Small town girl's comedy empire
"I'm actually building the first home I've ever owned. I love it. I'm experiencing first builder bliss," Mandy said. "We're building right in the Mullum township. I'm a small town girl. I can't manage a pot plant let alone acreage. A quarter acre is enough. I've got five kids to run on it - and they don't go outside.
"I've been a comedian since I was 17. I'm 44 now. But I've operated on the fringes of mainstream comedy because I don't want to live in the city. I want to be a regional comedian. I don't want to be away from my family."
But stand-up comedy is certainly city-centric. That's where most Australian comedy clubs exist and where most comedians live. It's hard to make a buck from jokes outside those city circuits. So, what did Mandy do? She started up comedy rooms and stand-up classes.
"It's all part of my evil plan to take over the entire region," she cackled.
Mandy has created regular comedy shows in Byron, Currumbin, Ballina and Casino that feature national and international comedians.
"I created the kind of rooms I like working in. That's selfish, but it works out better for all other comics as well. Thay really appreciate working on the North Coast."
Mandy teaches her stand-up comedy through ACE.
"I figure they'll be the support acts for the visiting headliners. I also run three open mic rooms - Lismore, Byron and Mullumbimby," Mandy said. "Open mic nights are about giving new comics stage time. The next step for them is playing the comedy shows like the Big Gig at the Ballina RSL Club."
The Big Gig is Mandy's monthly comedy gig at the Ballina RSL Club. She also runs her regular comedy shows in clubs - the Byron Services Club and the Casino RSM Club.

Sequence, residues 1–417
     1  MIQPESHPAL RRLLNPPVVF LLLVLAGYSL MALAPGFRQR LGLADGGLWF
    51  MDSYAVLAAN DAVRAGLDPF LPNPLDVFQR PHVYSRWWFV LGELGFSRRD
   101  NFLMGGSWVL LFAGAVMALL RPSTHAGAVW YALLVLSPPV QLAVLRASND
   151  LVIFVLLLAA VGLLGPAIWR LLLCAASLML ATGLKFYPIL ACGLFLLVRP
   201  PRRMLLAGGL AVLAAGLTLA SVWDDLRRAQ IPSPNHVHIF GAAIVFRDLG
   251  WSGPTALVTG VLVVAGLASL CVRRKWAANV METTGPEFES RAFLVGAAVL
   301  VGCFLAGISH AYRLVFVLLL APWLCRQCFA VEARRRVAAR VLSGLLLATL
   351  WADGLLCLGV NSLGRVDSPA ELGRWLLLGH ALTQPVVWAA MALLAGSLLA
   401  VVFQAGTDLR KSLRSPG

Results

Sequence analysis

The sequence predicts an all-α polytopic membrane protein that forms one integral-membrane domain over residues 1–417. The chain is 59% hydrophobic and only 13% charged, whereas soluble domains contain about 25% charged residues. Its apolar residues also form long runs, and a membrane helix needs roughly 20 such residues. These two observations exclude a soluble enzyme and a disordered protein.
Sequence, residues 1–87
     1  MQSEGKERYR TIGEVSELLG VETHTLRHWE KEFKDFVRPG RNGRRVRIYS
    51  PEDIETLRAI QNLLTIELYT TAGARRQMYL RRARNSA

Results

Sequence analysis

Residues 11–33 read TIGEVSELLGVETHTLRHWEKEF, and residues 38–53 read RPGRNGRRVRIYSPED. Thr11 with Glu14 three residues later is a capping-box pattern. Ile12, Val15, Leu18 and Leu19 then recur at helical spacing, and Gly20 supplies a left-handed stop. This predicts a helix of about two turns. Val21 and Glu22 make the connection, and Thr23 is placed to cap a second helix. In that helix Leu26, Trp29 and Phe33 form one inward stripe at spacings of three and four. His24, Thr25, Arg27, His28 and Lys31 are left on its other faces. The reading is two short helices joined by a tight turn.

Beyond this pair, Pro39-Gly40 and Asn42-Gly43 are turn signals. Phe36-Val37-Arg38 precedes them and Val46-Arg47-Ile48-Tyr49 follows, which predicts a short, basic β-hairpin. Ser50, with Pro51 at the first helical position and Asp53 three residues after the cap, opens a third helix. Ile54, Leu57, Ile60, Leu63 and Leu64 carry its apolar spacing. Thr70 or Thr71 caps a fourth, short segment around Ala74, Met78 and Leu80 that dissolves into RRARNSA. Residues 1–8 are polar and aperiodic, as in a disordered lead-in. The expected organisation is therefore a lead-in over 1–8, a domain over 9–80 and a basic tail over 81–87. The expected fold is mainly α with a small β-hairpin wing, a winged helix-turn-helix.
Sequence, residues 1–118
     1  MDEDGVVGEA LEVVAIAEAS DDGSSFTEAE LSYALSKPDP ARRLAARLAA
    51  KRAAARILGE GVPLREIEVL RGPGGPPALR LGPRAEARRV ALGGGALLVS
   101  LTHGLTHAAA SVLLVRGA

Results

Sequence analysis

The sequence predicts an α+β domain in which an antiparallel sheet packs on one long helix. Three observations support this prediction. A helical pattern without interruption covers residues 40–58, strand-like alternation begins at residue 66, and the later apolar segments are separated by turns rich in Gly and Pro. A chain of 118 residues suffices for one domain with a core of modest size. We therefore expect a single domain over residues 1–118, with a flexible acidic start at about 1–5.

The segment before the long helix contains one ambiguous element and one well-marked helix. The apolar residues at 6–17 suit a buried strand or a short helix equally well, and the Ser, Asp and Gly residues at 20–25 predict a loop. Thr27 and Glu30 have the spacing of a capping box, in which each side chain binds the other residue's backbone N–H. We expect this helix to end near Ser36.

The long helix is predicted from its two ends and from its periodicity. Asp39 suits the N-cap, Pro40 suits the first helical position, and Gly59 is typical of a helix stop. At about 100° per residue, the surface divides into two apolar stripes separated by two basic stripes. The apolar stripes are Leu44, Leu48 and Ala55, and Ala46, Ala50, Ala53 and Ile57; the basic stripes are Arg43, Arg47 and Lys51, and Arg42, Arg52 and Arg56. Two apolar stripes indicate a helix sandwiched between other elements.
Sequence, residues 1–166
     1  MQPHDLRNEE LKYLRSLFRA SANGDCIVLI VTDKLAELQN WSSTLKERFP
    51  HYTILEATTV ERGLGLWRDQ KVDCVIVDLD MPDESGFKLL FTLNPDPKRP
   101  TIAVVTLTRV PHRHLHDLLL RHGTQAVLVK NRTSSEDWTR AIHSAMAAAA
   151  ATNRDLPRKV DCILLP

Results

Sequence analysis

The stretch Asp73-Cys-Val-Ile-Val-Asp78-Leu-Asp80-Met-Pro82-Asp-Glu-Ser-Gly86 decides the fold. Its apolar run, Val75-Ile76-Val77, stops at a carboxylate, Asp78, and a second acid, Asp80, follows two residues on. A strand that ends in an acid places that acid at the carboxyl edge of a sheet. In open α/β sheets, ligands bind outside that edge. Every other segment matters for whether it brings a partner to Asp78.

"I find the clubs fantastic," she said. "They're not greedy. They're happy to get people into the venue - people who would not otherwise go to the club. The Big Gig in Ballina gets 300-400 people every month. Normally a comedy show like this would cost $20, but at the club it's free and because of the support from people it can keep going. I'm really hoping that happens in Casino too."
Mandy's comedic work extends beyond the comedy club stage. She has worked with children, introducing youngsters to the terrors and joys of doing stand-up comedy in her Funny Kids workshops.
"I've really enjoyed teaching kids. But it's hard. Sometimes it's like stepping onto a set of Lord of the Flies. Comedy is anarchic, asking questions about eveything, ridiculing social mores. It's very powerful for young people - it's an introduction to critical thinking. Schooling and institutions shut critical thinking down. Comedy turns these young people into critical thinkers - and then they get squashed later," Mandy laughs.
Mandy also works with people in the community with dementia.
Stand Up for Dementia uses humour therapy to create a better life for people with dementia.
"I just started bringing in costumes, setting up scenarios…" Mandy said. "They just started expressing stuff from their own life. Extraordinary stories. I
don't do a show for the dementia group. I support them to create and engage in role plays and improvisation. Some of these are so beautiful it brings a tear to my eye."
As well as a comedian, Mandy is an author. She recently launched her first book What I Would Do If I Were You - observations of her life as a comedian and mother of five.
"I love writing," Mandy said. "I've been offered to write two more books for the same publishers. I'm working on the second book now - it's a memoir of my love life up to when I started having kids. And there are many stories…
"The other book I'm working on is called The Night I Died. It's stories from comedians of their worst ever gigs."
As well as being a prolific writer Mandy is a prolific baby-maker. She has five children ranging in age from two-and-a-half to 16. With all her comedic, literary and family business she's a very busy woman. Luckily she gets support from her partner, John.
"It's not easy living with a comedian," Mandy said. "I'm out three or four times a week. He actually thinks I'm funny and wants to come out to my gigs but has to look after the kids. I'm very lucky to have him - I couldn't do what I do without him."
Mandy presents the Casino RSM comedy show this Saturday, February 18, featuring Steady Eddy; and the Big Gig at Ballina RSL Club next Thursday, February 23, featuring Greg Sullivan. See right and the facing page for more info on these gigs.
Mandy's open mic nights are at the Tatts Hotel in Lismore every first Wednesday of the month and at the Courthhouse Hotel in Mullum every first Thursday.